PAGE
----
Using a cane with a bit of sunflower oil on it the rings are suspended through the holes and left to dry out in a warm place for 2-3 days.

They are then stored in an air tight container and should last several months.

The finished apple rings

Delicious and another eating shot!

Gluts in fruit and vegetables gives you the ideal chance to swap with others.

Emily's mum has a Damson glut so Alys takes along some eggs to swap.

Alys mum

Damsons are a tangy plum that are great for preserving and are not found in supermarkets

Damsons and vodka make a lovely liqueur.

Making damson vodka

The damsons are first pricked to let out the flavour, and sugar is added at the ratio of a pound of sugar for a pound of fruit.

This is then put in a jar and vodka is added.

This is then shaken not stirred. in 3 months time it will be ready to drink.

Damson Cheese or jam is next to be made, her mother's way.

Put 6 pounds of damsons and half a pint of water in a saucepan and bring to a rapid boil.

Then simmer for 30 minutes on a low heat until the fruit is soft.

The cooked damsons are sieved

Sieve to remove the skin and stones and add a pound of sugar per pound of puree and let it dissolve.

Having a cupboard full of out of season fruit makes Alys feel safe with the brightly coloured jars to use all Winter.

The damson jam is poured into jars

Once thickened pour it into sterilised jars and then stick finger in the pan for yet another eating shot to camera.

Damson jam is good with cheese or yoghurt and some lucky people are getting these as Christmas presents from Alys.

Damson Jam, the finished product

To decorate these she is going to use Hapazome, Japanese leaf printing technique.

Late September and Alys is on the hunt in the park for leaves to print for her jam pot covers.

Luckily she has an Hapazome expert for a friend called Grace. 

Leaves for Hapazome

The best leaves are one with interesting colours or shapes and not dried out ones.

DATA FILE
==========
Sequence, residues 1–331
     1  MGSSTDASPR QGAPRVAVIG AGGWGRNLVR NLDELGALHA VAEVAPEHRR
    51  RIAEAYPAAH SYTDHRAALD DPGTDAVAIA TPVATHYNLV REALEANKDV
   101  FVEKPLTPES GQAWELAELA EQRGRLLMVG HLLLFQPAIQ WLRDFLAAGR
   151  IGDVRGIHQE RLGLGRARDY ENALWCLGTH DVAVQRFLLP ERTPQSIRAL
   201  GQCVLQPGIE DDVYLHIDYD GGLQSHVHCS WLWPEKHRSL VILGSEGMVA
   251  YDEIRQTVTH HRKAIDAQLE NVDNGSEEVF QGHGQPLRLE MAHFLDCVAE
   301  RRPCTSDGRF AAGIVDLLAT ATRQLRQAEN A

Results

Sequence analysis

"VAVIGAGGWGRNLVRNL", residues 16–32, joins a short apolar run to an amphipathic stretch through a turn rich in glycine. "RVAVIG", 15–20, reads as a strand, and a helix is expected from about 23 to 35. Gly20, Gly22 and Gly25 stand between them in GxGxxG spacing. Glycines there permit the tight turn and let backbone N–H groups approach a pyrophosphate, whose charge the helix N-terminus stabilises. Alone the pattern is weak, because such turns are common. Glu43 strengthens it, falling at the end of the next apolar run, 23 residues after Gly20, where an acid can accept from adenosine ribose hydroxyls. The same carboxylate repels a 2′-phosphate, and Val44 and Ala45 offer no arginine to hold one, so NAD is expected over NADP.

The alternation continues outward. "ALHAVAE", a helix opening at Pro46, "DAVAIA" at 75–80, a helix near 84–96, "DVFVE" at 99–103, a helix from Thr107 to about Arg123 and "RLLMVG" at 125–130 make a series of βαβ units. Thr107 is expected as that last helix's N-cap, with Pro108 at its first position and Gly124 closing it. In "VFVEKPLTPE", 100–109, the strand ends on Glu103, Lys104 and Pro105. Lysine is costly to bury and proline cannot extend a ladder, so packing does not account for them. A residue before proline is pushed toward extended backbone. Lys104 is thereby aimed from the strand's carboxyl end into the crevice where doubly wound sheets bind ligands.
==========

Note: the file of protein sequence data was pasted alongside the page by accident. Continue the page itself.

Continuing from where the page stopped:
'Leaf Fetish'!

To the mixture of fleshy leaves, vibrant leaves, pine needles Alys adds Violas and Marigolds from her garden.

Hapazome printing

These are placed on natural fibre cloth, folded over and pummelled with a hammer into the material.

Alys peels back the fabric and 'ta da' squashed plants on fabric, what a gift!

Leaves printed on fabric

It does look very good and all the leaf veins are visible with both sides of the leaf different.

When the material is dry you iron it to fix the plant dye.


With Alys's early apples over, she goes off scrumping at any neglected apple trees she can find.

There is some land by her local park with trees that are just left to rot so Alys has permission to collect the windfalls that are ok for juicing etc.

Collecting windfall apples

Alys decides to offer free apple pressing for people that have a glut of apples.

She off to the local Farmers Market with friend Sid and his apple press which is powered by an electric drill and 2 car jacks!

Electric Drill powered apple press

The apple pulp is squeezed between 2 boards and the juice collected out the bottom.

This proved too popular and the machine broke

They then resorted to chopping up the apples and pounding them by hand with a big stick!

This was then squished between the boards.


November and a lot of the crops have finished but Alys is still picking her raspberries as the weather has been so mild.

She hasn't wired her raspberries to the trellis as if left natural the leaves then hide the fruit from the birds.

Alys chicken

Alice and Gertrude the chickens gets some raspberries too for a treat.

All Photographs are copyright of